How to Monetise Live Streaming

The Independent Musicians and Performers Community wants to spotlight the fact that as gigs, concerts, tours and festivals are cancelled, musicians and performers will be unable to play in front of significant live audiences for the foreseeable future. Some of our members have asked for advice on what software or streaming platforms to use and how can this community help them monetise live streaming. The monetisation of live streaming is possible in a few different ways. The most straightforward one is via donations, which is pretty quick and simple to set up via PayPal.

Having spent a couple of days looking for sound advice and guidance I found this blog which was sent in by one of our members. Fellipe Baldauf, so thanks very much Fellipe.

The blog has been specifically designed to serve freelance artists, and those interested in supporting the independent artist community. This includes, but is not limited to, actors, designers, producers, technicians, stage managers, musicians, composers, choreographers, visual artists, filmmakers, craft artists, teaching artists, dancers, writers & playwrights, photographers, etc. Check out the blog, it is very comprehensive and we found it very useful.

I hope you agree the blog is brilliant and not to be missed as essential reading, the writers are non political, non self promoting whilst provide extremely free advice useful lists and links to information on very topical subjects such as: Emergency Funding, International Resources, Best Practices for Online Teaching, Online Platforms, Health and Mental Health Resources, Temporary and Remote Job Opportunities and Events.

Example of bands streaming live concerts because of coronavirus include Orange and Gnash.

Code Orange drummer and vocalist Jami Morgan told Newsweek that they decided to perform the concert after making every effort to have it happen as planned. He said after all the work put in, the hardcore idols had to do the show at least once.

“We need to make two versions of this plan. One: that we could maybe still do this, with the show, because we don’t know what’s going to happen going forward,” Morgan told Newsweek. “Another: we do it empty-arena match style and be the first ones to do it, and try to give everyone the show we’ve been working so hard on, and turn this negative to at least a little bit of a positive or something enjoyable for people who like heavy music.”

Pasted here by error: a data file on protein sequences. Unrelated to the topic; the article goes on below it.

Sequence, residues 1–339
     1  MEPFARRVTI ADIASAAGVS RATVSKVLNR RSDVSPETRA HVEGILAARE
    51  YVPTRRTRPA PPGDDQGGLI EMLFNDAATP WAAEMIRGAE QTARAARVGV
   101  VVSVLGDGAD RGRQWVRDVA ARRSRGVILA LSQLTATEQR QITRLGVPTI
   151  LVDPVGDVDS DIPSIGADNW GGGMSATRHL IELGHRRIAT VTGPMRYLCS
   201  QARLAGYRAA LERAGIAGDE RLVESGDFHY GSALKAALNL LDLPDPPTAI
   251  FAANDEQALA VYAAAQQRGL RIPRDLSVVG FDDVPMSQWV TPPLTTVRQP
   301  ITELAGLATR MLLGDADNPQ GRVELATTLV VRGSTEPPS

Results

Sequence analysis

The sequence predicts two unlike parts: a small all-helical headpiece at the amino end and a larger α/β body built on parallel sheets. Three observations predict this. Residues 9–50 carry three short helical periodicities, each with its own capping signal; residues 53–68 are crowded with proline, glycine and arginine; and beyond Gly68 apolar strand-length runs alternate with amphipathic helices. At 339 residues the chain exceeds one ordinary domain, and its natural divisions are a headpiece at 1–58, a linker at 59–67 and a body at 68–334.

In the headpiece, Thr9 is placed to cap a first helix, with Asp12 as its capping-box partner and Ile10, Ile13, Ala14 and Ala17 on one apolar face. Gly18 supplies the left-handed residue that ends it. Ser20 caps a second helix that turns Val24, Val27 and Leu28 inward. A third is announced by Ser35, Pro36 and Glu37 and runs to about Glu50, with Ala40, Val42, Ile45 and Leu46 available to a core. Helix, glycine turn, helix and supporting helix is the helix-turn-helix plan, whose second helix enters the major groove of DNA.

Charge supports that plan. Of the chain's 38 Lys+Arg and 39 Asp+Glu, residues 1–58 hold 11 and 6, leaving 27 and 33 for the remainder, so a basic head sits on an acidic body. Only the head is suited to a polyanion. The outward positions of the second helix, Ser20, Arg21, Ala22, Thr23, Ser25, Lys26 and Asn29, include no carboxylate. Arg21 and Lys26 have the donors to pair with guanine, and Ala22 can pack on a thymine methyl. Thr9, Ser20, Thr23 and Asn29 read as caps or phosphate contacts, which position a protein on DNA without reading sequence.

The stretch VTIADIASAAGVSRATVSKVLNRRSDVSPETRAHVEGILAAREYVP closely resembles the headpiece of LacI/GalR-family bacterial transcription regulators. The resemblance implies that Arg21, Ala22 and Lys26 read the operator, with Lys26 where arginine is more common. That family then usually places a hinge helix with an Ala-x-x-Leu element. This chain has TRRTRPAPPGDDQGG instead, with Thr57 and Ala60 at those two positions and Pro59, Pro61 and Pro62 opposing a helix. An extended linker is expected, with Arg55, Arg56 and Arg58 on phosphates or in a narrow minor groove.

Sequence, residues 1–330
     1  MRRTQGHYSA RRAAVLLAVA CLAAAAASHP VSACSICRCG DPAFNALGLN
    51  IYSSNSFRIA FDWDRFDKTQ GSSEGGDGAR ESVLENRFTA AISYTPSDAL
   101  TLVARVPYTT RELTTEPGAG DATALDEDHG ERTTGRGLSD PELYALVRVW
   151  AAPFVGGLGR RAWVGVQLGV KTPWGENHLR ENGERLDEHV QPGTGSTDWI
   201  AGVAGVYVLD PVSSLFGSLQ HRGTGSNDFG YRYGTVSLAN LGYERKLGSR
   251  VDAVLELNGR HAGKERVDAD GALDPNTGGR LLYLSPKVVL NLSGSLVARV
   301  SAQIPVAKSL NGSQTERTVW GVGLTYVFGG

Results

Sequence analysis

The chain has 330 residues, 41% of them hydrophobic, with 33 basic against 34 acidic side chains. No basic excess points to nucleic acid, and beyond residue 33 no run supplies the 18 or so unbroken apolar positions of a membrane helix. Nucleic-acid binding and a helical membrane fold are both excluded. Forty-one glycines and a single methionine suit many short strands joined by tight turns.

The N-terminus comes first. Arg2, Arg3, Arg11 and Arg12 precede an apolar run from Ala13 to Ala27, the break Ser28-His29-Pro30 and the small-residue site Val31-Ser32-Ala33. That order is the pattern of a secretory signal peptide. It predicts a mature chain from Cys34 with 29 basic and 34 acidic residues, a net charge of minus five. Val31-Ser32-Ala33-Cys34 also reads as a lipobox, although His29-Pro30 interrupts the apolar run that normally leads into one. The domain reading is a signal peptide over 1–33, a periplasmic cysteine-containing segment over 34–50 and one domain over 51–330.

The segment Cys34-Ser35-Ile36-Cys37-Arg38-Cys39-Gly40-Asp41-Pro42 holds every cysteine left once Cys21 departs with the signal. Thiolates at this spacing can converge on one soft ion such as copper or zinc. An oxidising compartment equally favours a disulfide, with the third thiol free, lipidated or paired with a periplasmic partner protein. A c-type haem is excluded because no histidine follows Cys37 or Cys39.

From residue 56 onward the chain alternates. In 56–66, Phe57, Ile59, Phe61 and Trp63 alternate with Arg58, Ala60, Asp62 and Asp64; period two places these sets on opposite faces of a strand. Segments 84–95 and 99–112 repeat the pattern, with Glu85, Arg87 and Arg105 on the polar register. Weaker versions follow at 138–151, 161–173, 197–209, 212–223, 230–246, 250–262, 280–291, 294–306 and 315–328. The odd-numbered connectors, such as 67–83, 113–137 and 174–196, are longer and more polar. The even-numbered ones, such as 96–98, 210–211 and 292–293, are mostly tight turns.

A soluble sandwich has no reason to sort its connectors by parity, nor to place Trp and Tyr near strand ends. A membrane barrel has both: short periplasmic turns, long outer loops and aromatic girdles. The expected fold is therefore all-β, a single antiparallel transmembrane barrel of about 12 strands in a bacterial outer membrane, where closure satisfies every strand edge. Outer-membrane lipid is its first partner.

We have just registered to a live broadcast with Vimeo entitled: “How to Plan a virtual event: Vimeo’s live production experts tell all”.

Greg Palmer, Senior Producer at Vimeo states that: “As businesses and organizations shift their in-person event strategies to virtual experiences, Vimeo’s live production team is here to help navigate these changes successfully under tight deadlines. We can provide expert advice on how schools, event coordinators, marketers, and more are evolving their event strategies to optimize engaging live streaming experiences”. The broadcast includes:

  1. Why live streamed events make sense as a supplement for in person events
  2. How Vimeo’s virtual package is helping organisations quickly pivot to online experiences
  3. Why and when businesses should partner with a third partner production service
  4. Customer stories of working with Vimeo’s live production team for their virtual event.

That’s it for now folks, Mel and I hope that you found this useful and share with like-minded people that might benefit.

Written by Shena Mitchell and Mel Croucher founding directors of

Published by Jeeni

I am a founding director of Jeeni. Jeeni is an online platform for independent musicians and performers. Jeeni is for everyone and anyone creative: musicians, voice-artists, performers, poets, singer-songwriters ... hey, the list is endless. We aim to connect, collaborate, share and support each other, while we have fun and make a real difference.

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